trisubstituted allyl sulfones 2 i (75 % yield) and 2 j (72 %
yield) with an E/Z ratio of 7:93 and 6:94, respectively
(Table 1, entries 9 and 10).
Interestingly, the reaction of other Baylis–Hillman
adducts such as 3-(hydroxymethylphenyl)but-3-en-2-one
(3 h) with 4 a in the presence of iPr2NEt in CH2Cl2 at room
temperature for 12 hours afforded trisubstituted allyl sulfone
2 k in high yield (85 %) and with high selectivity (E/Z 5:95;
Table 1, entry 11). Likewise, the reaction of 4 a with 2-
2009 Wiley-VCH Verlag GmbH & Co. KGaA, Weinheim
Angew. Chem. 2009, 121, 178 –180
Angewandte
Chemie
Table 1: Reaction of arenesulfonyl cyanide with Baylis–Hillman adducts.
Entry
Substrate 3
4
Product 2
Yield
[%][a]
E/Z[b]
1
3a
4b
2a
92
5:95
2
3a
4a
2b
95
6:94
3
3b
4a
2c
86
3:97
4
3b
4b
2d
84
3:97
5
3c
4a
2e
85
2:98
6
3c
4b
2f
84
2:98
7
3d
4a
2g
80
4:96
8
3e
4a
2h
80
6:94
9
3f
4a
2i
75
7:93
10
3g
4a
2j
72
6:94
11
3h
4a
2k
85
5:95
12
3i
4a
2l
81
97:3
13
3j
4a
2m
85
97:3
14
3j
4b
2n
90
97:3
[a] Yield of isolated product. [b] The selectivity was determined by 1H NMR analysis. The E/Z ratio of
2:98 denotes that signals for only one isomer were observed.
(hydroxymethylphenyl)acrylonitrile (3 i) or 2-[(4-chlorophenyl) hydroxymethyl]acrylonitrile (3 j) in the presence of
iPr2NEt in CH2Cl2 at ambient temperature proceeded to give
trisubstituted allyl sulfone 2 l and 2 m, respectively, in good
yields (81 % and 85 %) and with high selectivity (E/Z 97:3;
Table 1, entries 12 and 13). In the same way, the reaction of 4 b
with 3 j gave trisubstituted allyl sulfone 2 n in 90 % yield and
with an E/Z ratio of 97:3 (Table 1, entry 14).
We also investigated the reaction of simple allylic alcohols
3 k and 3 l with 4 a or 4 b in the presence of iPr2NEt in CH2Cl2
at room temperature and obtained the corresponding EAngew. Chem. 2009, 121, 178 –180
selective allyl sulfones 2 o–2 r in
good yields (Table 2, entries 1–4).
The structure of 2 r was confirmed
by single-crystal X-ray diffraction
analysis (Figure 1). Finally, the
reactions of 4 b with 3 m or 3 n
resulted in highly regiospecific
additions and yielded allyl sulfones
2 s and 2 t, respectively (Table 2,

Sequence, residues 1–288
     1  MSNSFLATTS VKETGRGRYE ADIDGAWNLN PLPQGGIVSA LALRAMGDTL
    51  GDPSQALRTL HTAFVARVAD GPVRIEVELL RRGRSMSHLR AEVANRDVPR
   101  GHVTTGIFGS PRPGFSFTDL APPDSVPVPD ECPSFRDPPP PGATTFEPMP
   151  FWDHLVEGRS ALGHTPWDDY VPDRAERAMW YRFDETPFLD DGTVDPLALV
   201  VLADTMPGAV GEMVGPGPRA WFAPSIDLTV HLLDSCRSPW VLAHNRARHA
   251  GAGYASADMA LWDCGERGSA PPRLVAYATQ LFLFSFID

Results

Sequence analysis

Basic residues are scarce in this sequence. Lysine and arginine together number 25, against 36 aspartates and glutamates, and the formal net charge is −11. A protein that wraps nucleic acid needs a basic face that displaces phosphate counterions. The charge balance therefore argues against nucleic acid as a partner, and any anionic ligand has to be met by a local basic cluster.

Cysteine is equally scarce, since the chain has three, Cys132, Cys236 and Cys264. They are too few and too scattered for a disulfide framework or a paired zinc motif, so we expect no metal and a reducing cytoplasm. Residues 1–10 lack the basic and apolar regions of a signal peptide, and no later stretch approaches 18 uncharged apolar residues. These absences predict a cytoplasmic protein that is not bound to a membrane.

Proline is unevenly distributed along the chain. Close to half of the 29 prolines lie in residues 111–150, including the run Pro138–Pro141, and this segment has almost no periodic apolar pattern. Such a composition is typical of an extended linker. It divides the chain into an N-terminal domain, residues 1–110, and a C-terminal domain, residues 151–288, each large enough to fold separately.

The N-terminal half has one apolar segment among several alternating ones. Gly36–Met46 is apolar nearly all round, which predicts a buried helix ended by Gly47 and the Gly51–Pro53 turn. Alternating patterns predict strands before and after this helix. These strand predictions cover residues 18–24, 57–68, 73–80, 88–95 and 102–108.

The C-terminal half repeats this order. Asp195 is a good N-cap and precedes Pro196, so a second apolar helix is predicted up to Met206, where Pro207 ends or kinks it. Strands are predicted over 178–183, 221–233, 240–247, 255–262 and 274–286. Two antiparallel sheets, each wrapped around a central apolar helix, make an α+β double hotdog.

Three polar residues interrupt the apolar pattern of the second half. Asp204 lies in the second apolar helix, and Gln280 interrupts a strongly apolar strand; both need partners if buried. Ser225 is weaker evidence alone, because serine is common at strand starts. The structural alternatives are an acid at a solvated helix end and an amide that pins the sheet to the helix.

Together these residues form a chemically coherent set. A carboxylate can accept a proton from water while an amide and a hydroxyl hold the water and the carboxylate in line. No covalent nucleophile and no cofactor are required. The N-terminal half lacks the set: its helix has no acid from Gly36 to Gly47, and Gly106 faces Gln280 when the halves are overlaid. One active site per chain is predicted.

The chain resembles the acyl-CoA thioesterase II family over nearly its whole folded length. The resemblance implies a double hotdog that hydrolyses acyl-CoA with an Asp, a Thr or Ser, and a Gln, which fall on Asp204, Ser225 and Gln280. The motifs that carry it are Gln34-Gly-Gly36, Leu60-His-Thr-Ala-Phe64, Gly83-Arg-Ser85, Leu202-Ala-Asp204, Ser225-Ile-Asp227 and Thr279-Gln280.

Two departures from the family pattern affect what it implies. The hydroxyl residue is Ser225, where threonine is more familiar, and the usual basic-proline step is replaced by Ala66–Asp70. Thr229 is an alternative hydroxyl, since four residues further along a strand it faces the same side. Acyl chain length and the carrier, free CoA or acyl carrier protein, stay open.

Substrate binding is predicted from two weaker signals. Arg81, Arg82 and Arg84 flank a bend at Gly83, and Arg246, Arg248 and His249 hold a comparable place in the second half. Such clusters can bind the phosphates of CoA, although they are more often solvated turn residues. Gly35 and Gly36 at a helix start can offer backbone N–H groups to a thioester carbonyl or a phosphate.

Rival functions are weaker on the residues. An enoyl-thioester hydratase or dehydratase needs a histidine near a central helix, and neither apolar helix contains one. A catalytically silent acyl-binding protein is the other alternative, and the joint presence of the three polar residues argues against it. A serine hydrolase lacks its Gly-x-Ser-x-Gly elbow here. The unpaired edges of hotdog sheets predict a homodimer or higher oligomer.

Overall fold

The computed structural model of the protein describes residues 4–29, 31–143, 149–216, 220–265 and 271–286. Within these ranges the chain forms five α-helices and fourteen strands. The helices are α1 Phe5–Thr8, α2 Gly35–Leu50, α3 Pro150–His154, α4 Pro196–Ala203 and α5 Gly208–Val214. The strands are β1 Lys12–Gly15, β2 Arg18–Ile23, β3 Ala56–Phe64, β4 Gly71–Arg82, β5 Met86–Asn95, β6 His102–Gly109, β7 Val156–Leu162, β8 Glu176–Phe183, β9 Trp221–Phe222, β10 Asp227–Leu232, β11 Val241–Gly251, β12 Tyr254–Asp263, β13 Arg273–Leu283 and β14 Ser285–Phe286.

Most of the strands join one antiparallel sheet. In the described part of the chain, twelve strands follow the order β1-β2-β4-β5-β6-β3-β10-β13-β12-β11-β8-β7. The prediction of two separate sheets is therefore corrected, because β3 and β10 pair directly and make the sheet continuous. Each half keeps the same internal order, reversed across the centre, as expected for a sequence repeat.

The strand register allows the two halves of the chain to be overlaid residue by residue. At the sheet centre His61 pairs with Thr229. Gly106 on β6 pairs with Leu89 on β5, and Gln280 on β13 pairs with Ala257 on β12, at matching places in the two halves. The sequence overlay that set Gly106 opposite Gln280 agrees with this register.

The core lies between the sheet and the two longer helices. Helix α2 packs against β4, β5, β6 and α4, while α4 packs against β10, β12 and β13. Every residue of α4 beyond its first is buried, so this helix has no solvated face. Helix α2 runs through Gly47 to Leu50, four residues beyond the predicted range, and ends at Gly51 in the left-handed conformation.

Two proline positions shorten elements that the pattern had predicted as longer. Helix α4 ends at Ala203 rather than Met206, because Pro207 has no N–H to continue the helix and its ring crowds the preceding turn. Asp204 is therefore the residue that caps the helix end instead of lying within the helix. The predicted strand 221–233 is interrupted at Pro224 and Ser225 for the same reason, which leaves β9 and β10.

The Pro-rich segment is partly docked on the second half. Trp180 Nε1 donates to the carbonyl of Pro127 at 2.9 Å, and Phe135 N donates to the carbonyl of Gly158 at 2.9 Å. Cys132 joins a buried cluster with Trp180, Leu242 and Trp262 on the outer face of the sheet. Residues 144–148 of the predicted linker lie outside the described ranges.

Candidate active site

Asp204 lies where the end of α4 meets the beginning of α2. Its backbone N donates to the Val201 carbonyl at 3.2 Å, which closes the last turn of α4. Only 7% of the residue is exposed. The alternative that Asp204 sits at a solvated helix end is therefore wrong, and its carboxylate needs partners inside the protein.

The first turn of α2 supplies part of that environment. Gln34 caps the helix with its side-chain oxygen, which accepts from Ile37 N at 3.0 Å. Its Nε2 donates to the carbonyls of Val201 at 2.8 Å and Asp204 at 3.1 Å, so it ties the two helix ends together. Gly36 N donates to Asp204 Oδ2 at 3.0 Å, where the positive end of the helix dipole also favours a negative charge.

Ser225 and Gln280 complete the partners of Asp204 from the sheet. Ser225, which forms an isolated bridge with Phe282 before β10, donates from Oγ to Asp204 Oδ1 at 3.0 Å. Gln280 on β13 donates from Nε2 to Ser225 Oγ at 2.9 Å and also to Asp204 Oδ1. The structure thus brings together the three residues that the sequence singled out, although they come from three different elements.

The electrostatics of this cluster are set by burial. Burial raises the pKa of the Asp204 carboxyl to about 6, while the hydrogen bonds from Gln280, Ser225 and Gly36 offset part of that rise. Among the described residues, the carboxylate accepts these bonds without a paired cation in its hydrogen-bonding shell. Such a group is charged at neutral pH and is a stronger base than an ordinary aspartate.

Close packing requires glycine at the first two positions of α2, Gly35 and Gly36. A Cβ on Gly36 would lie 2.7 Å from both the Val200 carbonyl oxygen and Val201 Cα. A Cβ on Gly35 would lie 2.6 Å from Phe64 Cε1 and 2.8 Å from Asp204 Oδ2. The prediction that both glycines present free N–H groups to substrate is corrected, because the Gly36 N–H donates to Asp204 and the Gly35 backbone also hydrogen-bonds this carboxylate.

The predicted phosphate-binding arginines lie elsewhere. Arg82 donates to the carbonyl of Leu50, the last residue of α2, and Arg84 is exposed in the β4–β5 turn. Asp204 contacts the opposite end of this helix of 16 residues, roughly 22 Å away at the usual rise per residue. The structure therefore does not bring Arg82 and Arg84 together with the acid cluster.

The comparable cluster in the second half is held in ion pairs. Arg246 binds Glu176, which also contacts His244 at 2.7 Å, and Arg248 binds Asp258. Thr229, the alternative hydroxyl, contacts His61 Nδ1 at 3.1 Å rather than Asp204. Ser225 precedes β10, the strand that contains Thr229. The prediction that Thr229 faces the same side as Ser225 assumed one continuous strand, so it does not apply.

entries 5 and 6). Notably, the new
carbon–heteroatom
bond
is
formed exclusively from the most
substituted end of the allylic
system, and led to 2 s and 2 t.
For the sake of understanding
this reaction, the use of other bases
was explored (Table 3). No reaction was observed in the absence of
base, or with pyridine or 2,6-lutidine (Table 3, entries 1–3). The
reaction did not proceed to completion with triethylamine or DBU,
and thereby gave low yields
(Table 3, entries 4 and 5). A possible mechanism[8, 9] for this reaction
is depicted in Scheme 2. In the first
step, allylic alcohol 3 reacts with 4
in the presence of base to form
intermediate 5, then an arene sulfinate nucleophile and intermediate 6 are subsequently generated.
Next, the addition of the nucleophile to the allylic double bond
occurs with the elimination of
HOCN to form allyl sulfones 2.
This mechanism also explains the
observed selectivity[2, 10] (E and Z).
When R2 is a large group (R2 =
COOMe, COMe), conformation
II is favored and thus predominantly forms the Z isomer. If R2 is a
small group (R2 = H, CN), then
conformation I is favored and
therefore predominantly forms
the E isomer.
In summary, a general method
and a practical protocol for the
preparation of substituted allyl sulfones in both high yields and
selectivity was described. The reaction used arenesulfonyl cyanides
Figure 1. X-ray crystal structure of 2 r.
2009 Wiley-VCH Verlag GmbH & Co. KGaA, Weinheim
www.angewandte.de
179
Zuschriften
Table 2: Reaction of arenesulfonyl cyanide with allylic alcohols.
Entry
Substrate 3
4
Product 2
Yield
[%][a]
E/Z[b]
1
3k
4a
2o
80
98:2
2
3k
4b
2p
82
98:2
3
3l
4a
2q
81
98:2
4
3l
4b
2r
80
98:2